Mark Tyler: Why certain spots replenish

Every bass angler dreams about that "magic spot" where each cast seems to result in yet another fish caught. No matter how long you've been bass fishing, chances are that if you've found one of those spots, you can vividly remember exactly where it is located on your favorite lake.

But do you know why your "magic spot" is so good? And if you don't have an an ace-in-the-hole hot spot, what should you be looking for? Elite Series pro Mark Tyler explains that finding your own "magic spot" need not involve the supernatural. "The real key to finding that special place is that it's isolated," he says. "Anytime I can find a piece of structure that's isolated, with a lot of special characteristics that you can't find for some distance, I think I've found something special."

Tyler explains that isolated cover often produces best because it is the only area that the bass can relate to. "With pieces of cover or structure that are isolated, you've basically narrowed down the options a bass has," he points out. "For that reason, I love to find and fish isolated cover, particularly laydowns, because I'm a shallow-water flipping guy. I'm always looking for wood."

What makes a certain isolated piece of cover better than another? "Basically, it needs to have some deeper water nearby, like on a steep point," Tyler explains. "It generally has a secondary feature to it that we may not understand at first glance. There's usually something else going on under the surface of the water that really makes it unique and most often that has to do with topography.

"A lot of times you won't just look at a piece of isolated cover and say, 'Wow, this is it,' " Tyler adds. "Most often, you have to fish it for some time before it starts to show its true colors. After a little while you can start to see a trend develop where you're catching multiple fish." It is one thing to find a piece of isolated cover that produces a single keeper, but it's quite another to find a spot that continues to cough up bass after bass.

Tyler is often asked by weekend anglers about the correct amount of time to let a spot rest before fishing it again. "I'm not a believer in giving fish a break to replenish," he says. "Those special spots, sometimes all the time they need to replenish is for me to walk back to the livewell and drop a fish in. I've had many special spots where I've caught two or three keepers consecutively." When the bite finally slows for Tyler, he will then give the area a rest period ranging from an hour to two hours. "If what you've found is truly something special, the fish will continually replenish," he says. "You want to let it calm down after the initial flurry, then return and be very subtle and careful not to disturb the area with a boat wake or prop wash. "Generally fish will have repositioned on that spot within an hour or two, so you're going to want to continually return to it throughout the day."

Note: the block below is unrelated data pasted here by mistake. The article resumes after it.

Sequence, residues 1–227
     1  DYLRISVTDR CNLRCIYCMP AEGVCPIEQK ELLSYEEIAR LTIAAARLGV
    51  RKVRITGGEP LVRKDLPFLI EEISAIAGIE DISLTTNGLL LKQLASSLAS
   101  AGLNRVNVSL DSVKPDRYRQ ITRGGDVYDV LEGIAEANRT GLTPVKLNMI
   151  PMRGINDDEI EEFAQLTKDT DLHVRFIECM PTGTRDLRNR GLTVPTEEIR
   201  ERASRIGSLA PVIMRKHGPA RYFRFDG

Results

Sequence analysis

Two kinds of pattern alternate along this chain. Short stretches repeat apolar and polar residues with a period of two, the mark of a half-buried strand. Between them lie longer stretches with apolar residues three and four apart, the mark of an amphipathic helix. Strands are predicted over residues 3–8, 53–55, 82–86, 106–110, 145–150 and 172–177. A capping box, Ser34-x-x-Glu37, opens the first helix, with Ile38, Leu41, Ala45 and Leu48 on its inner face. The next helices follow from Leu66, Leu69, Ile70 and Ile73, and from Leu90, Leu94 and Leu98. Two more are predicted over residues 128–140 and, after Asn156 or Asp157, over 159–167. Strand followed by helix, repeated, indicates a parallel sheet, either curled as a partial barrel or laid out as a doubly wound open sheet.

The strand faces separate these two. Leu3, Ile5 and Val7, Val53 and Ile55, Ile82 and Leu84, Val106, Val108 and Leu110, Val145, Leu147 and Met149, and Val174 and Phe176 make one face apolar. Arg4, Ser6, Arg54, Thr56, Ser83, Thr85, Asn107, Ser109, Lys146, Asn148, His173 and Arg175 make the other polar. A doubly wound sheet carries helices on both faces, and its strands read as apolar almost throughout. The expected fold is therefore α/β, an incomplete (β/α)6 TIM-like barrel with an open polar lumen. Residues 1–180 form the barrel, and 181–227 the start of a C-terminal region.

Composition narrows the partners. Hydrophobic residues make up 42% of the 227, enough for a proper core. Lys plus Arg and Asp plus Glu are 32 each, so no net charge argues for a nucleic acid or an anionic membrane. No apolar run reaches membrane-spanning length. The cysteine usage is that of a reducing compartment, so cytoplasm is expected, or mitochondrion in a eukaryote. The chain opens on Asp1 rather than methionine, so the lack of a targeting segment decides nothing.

When the action slows, Tyler picks up a few extra bites by rotating through several baits. "I'm a big believer in rotating baits anyway," he explains. "You want to give them a different look and keep things fresh in order to keep the school active." Tyler often throws a jig, soft plastic or small crankbait at the piece of cover to give remaining bass a different look before surrendering to the fact that the area may be cashed for the day.

Tyler stresses that after catching the first bass, it is critical to pay attention to boat positioning and noise. "I see so many guys that will catch a fish off a key piece of cover and then they'll tromp around the boat and let their boat bang into the cover while they're releasing the fish or putting it into the livewell," he says. "They may even fire their next cast 10 yards further down the bank without realizing what they may have just found. If one good fish thought that was a good place to set up, chances are another one did, too."

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